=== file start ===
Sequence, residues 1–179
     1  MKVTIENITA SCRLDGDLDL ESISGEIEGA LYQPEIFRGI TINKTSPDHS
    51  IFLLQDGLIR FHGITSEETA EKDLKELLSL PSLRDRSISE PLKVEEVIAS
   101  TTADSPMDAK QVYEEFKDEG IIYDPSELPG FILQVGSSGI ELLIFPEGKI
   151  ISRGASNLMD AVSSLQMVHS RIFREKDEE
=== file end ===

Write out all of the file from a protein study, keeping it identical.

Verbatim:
Sequence, residues 1–179
     1  MKVTIENITA SCRLDGDLDL ESISGEIEGA LYQPEIFRGI TINKTSPDHS
    51  IFLLQDGLIR FHGITSEETA EKDLKELLSL PSLRDRSISE PLKVEEVIAS
   101  TTADSPMDAK QVYEEFKDEG IIYDPSELPG FILQVGSSGI ELLIFPEGKI
   151  ISRGASNLMD AVSSLQMVHS RIFREKDEE